Vascular Plants of North Carolina
Account for Mexican Primrose-willow - Ludwigia octovalvis   (Jacquin) Raven
Members of Onagraceae:
Members of Ludwigia with account distribution info or public map:
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Section 6 » Order Myrtales » Family Onagraceae
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Author(Jacquin) Raven
DistributionA relatively tiny range in the state, essentially only along the Cape Fear River and Brunswick River in the vicinity of Wilmington. Apparently not known farther west in Brunswick County, nor farther to the north either. In 2020 a specimen from Stanly County originally identified as L. hexapetala (Sorrie 11997 NCU) was annotated to L. octovalvis.

This is a species of the Deep South, found sparingly north to extreme southeastern NC, and south to the Gulf Coast, and much farther into the tropics. There is some confusion between this species and the non-native L. bonariensis in the literature. In fact, RAB (1968) had records for L. octovalvis included within L. bonariensis. Note, however, that Wikipedia says "its native distribution is unclear", and there is probably not unanimity that it is native as far north as NC.
AbundanceThis species appears to be widespread in the small area of Eagles Island and adjacent areas. The NCNHP has given a State Rank of S2?, but removed it from its Watch List in 2022.
HabitatThis is a species of the extensive tidal freshwater marshes in the Cape Fear/Brunswick River region just west and northwest of Wilmington. It also grows in damp disturbed ground in this area. In Stanly County, it grows in a beaver pond that lies in an old meander of the Pee Dee River.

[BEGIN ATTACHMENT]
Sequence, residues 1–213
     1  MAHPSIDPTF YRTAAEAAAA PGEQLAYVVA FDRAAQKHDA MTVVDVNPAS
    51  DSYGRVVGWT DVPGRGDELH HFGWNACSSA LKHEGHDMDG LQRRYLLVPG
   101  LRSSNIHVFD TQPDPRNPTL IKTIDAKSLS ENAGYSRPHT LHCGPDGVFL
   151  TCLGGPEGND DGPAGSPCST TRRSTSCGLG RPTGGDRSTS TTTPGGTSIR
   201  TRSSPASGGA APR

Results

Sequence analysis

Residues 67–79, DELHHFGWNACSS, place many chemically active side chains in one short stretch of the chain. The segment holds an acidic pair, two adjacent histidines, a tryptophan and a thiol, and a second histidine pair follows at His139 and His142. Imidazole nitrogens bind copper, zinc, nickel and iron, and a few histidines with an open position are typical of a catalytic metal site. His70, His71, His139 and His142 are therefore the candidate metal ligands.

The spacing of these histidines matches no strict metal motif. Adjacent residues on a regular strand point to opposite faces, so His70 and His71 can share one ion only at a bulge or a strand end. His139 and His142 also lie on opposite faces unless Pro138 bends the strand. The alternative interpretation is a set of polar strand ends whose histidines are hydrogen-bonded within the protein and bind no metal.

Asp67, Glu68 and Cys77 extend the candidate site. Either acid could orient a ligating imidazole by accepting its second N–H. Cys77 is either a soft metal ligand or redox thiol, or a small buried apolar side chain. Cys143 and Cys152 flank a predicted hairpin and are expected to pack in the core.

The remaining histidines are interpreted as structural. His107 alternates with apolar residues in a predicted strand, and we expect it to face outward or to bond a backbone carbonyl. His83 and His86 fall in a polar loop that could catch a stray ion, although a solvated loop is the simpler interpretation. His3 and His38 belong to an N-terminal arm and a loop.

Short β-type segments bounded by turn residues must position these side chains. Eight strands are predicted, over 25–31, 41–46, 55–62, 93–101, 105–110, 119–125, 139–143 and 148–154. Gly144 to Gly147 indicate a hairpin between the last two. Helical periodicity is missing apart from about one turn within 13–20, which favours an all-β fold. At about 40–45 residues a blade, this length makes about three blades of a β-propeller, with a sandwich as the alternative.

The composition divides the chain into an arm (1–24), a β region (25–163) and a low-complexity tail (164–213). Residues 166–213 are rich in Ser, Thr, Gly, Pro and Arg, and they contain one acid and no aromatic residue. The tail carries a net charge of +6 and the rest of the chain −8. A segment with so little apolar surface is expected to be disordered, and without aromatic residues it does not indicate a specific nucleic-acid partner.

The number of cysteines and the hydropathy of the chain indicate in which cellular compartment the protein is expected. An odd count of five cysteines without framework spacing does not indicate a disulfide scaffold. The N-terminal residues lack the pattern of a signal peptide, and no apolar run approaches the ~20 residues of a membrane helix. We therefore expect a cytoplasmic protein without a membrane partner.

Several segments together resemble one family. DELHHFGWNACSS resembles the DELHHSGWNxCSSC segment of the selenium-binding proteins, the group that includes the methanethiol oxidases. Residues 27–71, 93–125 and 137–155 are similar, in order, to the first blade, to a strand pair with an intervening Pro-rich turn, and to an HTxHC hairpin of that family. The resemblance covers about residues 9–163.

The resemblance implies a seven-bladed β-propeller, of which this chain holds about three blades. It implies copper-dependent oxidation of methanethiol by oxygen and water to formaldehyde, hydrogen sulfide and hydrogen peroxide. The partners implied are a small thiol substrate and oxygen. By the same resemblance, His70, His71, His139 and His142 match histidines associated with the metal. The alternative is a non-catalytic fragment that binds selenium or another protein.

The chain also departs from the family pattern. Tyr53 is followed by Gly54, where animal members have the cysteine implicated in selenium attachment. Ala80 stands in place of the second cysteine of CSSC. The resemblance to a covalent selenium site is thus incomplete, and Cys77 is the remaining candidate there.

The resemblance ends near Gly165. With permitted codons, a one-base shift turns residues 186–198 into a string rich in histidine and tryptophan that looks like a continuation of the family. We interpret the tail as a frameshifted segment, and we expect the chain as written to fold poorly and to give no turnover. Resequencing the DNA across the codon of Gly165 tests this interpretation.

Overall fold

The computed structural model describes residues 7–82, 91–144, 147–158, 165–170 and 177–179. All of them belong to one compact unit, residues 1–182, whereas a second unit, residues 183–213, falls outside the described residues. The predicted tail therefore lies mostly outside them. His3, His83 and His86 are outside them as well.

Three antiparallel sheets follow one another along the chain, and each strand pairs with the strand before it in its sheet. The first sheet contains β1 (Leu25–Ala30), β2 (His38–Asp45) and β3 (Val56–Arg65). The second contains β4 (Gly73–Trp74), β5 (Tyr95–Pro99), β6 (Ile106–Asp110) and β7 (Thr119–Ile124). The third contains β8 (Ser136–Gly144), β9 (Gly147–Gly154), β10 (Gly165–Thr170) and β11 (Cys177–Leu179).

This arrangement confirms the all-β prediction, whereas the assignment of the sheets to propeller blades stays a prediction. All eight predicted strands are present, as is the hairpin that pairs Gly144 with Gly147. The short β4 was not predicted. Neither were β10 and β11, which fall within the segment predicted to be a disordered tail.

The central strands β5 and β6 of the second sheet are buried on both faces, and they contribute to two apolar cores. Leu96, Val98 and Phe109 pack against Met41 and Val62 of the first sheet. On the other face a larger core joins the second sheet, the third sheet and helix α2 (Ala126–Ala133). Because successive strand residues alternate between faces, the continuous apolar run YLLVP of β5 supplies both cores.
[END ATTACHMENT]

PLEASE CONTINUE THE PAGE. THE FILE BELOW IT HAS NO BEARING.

PhenologyBlooms from May to September, and fruits shortly after flowering.
IdentificationThis is a very tall and robust species, growing as high as 5-6 feet tall. The stem is generally smooth, much branched, and with alternate leaves. The leaves are variable, but mostly quite narrow, lanceolate to narrowly elliptic, to about 6 inches long but only 1/2-inch wide at best. The flowers, in leaf axils, are the largest of the native Ludwigia species, with the 4 bright yellow and rounded petals each about 3/4-inch long, meaning the spread flower is often about 1.5 inches across. The floral tubes and capsules are quite long, up to 1-inch but narrow. Note that the non-native L. bonariensis has been collected in the state a few times, but SERNEC records from the Wilmington area probably are of L. octovalvis. That exotic has much larger yellow flowers, each petal about 1.5 inches across and a full spread flower about 3 inches across, and its sepals are about 10 mm (2/5-inch) wide at the base, versus sepals only 3-5 mm (1/6-inch) wide at the base in the native species. This species should be reasonably obvious to biologists in the Cape Fear River area near Wilmington, as it is a conspicuous species of marsh edges owing to its tall size and large yellow 4-petalled flowers.
Taxonomic CommentsAs mentioned above, there has been confusion in NC between this native species and the non-native L .bonariensis. Most or nearly all recent references do have this confusion "sorted out", though the provenance of L. octovalvis as far north as NC might still be unsettled.

Other Common Name(s)Longfruit Primrose-willow
State RankS2? [S2]
Global RankG5
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US Status
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B.A. SorrieWet ditch, Piha Reserve, northern Colombia, Sept 2017. Photo_non_NCPhoto_non_NC
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